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against covid but also some new setbacks to tell you about more than 112 million have now received at least one dose while 36,000 are hospitalized many newly infected are young and a small number have been fully vaccinated miguel almaguer explains >> reporter: as the nation adds another 74,000 new covid cases in a single day, tonight the numbers are among the most concerning for the young. new infections among 10 to 19-year-olds are climbing in minnesota they account for 1 in every 6 new cases. dr. vin gupta is seeing younger patients with serious lung problems. >> once covid-19 wreaks havoc on lungs it doesn't really matter if you're older or younger >> reporter: no one and no region is immune for 16 straight days michigan has seen over a 100% spike in new infection rates. >> the numbers are just going up and up and up, and every day when i look at our covid numbers they're higher than the day
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before >> reporter: with 25% of adults vaccinated, there are more reports of breakthrough cases. 102 fully vaccinated people in washington later caught the virus. it comes after 141 cases in south carolina and 374 in minnesota. experts say the infections are rare and a reminder, the vaccines a strong layer of protection but not a silver bullet nurse-practitioner diane schmidt contracted covid four months after she was vaccinated >> i'm definitely an outlier. i still highly recommend the vaccine. >> reporter: but in north carolina and colorado closures at mass vaccination sites. hundreds had appointments canceled after a small number of adverse reactions tonight both centers set to soon reopen progress but not without setbacks there is also new worry the true number of new infections is much higher than being reported
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one reason many testing sites have turned into vaccination centers. lester >> okay, miguel, thank you. and make a plan so you'll be ready when it's your turn for your vaccination visit for more now to our nbc news exclusive for years we've reported that the number of people struggling with suicidal thoughts and self-harm has been rising tonight new evidence that's true even for young children here's kate snow >> there's a little swing back over that way that she absolutely loved to play on. >> reporter: last summer brandy bielicki was about to take her daughter kodie on vacation near their home in wisconsin. >> and about 4:00 that day she called me at work and we face-timed she said mom, can you face-time me sure, kid. she lost a tooth she wanted to tell me she lost a tooth >> reporter: but when brandy went home, the door was open and the only sign of kodie was a short note >> it was the first cry for help and she went all the way >> reporter:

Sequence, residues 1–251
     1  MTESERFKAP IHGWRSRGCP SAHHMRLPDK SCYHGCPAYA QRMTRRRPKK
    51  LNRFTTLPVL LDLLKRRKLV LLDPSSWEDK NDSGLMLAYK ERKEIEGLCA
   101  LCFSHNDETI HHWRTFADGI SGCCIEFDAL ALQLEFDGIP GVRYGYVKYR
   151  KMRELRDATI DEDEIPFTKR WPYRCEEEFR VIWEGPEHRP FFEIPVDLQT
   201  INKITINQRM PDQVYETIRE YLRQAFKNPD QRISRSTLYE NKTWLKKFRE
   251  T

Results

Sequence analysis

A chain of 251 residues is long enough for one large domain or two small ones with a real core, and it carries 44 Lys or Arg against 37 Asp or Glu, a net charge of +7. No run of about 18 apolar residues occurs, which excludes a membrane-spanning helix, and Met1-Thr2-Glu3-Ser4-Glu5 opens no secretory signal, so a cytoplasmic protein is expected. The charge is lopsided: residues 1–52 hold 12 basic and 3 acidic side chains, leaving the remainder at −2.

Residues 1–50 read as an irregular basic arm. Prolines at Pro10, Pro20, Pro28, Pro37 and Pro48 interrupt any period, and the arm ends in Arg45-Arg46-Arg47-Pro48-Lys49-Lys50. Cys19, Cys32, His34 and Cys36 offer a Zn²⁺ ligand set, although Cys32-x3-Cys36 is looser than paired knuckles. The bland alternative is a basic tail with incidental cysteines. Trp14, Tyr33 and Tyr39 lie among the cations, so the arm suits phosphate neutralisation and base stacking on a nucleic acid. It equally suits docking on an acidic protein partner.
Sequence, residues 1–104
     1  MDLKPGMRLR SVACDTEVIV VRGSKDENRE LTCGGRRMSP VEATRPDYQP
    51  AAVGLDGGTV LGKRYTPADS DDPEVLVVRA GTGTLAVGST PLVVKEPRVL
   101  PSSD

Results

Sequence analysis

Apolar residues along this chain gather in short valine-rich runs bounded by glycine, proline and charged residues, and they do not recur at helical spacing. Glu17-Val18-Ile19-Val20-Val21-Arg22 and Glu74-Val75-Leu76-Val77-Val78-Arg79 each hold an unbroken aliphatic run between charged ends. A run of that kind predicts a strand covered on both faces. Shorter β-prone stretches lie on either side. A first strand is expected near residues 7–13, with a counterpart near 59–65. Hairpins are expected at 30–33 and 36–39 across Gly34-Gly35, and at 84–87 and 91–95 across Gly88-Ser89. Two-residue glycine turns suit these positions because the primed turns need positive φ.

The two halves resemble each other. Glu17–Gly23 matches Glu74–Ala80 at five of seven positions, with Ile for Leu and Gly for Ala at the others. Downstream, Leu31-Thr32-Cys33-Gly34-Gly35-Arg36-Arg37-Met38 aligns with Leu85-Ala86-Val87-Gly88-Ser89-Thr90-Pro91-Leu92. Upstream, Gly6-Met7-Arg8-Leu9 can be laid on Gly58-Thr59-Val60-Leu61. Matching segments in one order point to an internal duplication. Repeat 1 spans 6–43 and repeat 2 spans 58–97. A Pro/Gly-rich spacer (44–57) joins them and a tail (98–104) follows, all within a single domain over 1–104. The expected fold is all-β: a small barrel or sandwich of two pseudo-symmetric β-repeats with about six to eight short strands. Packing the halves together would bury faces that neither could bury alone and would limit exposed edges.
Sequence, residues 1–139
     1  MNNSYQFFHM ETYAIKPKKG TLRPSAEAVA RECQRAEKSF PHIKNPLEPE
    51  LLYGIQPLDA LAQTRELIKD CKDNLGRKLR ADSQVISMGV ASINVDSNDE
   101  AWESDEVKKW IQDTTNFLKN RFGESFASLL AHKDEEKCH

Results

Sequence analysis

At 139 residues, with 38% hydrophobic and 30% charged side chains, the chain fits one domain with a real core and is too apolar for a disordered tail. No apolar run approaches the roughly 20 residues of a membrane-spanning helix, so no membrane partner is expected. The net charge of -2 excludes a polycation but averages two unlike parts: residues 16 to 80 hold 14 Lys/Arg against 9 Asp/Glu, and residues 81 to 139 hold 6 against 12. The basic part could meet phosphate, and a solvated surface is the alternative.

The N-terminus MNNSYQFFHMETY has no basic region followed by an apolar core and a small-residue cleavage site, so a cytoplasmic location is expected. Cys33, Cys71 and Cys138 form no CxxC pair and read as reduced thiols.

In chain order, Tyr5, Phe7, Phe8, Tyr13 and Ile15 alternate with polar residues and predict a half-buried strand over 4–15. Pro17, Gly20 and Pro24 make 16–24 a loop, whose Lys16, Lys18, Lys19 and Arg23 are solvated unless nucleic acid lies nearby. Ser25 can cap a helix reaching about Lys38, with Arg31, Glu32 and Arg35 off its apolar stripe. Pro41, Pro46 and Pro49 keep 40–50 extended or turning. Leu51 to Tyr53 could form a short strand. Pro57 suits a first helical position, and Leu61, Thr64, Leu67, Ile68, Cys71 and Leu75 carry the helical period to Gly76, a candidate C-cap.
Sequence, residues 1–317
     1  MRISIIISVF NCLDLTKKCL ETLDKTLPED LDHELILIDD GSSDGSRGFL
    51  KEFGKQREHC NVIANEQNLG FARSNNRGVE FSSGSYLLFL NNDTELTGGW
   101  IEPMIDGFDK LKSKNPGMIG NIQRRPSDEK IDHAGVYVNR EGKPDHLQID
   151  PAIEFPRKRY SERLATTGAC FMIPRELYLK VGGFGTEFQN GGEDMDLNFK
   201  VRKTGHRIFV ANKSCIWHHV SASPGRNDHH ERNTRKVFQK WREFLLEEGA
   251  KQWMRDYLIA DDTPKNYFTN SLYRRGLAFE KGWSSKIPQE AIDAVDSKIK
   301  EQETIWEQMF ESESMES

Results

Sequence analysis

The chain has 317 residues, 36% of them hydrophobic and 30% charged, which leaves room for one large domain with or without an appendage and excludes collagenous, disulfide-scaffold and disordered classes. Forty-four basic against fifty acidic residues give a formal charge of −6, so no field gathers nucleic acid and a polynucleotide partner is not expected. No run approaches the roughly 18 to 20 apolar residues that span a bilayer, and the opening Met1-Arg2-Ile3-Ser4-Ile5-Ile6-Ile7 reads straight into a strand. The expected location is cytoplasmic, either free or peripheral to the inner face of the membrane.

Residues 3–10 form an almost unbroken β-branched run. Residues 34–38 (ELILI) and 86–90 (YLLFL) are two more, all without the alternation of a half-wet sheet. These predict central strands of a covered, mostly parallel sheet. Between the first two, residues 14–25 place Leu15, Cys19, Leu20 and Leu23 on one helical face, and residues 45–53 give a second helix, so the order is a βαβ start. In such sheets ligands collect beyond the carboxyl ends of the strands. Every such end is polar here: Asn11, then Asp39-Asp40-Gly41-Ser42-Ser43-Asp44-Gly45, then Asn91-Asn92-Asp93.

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authorities found kodie's body in a nearby field she was 10 years old >> it was a shock to the system it was the last thing i was thinking, was that she was going to take her own life, because she wouldn't -- there was no signs. >> reporter: none of it makes sense >> none of it made sense. >> reporter: death from suicide among children remains rare, but the number of children ages 6 to 12 who visited children's hospitals for suicidal thoughts or self-harm has more than doubled since 2016 dr. megan schott heads psychiatric emergency services at children's national hospital. >> when a child asks for help or tells you they're struggling, believe them and help get them mental health treatment. >> reporter: signs parents can look for in young kids, grades dropping, anger and irritability, not wanting to go outside. and while dr. schott says it's good that talking about mental health has been normalized, she's concerned that younger kids are more exposed now to suicide and self-harm.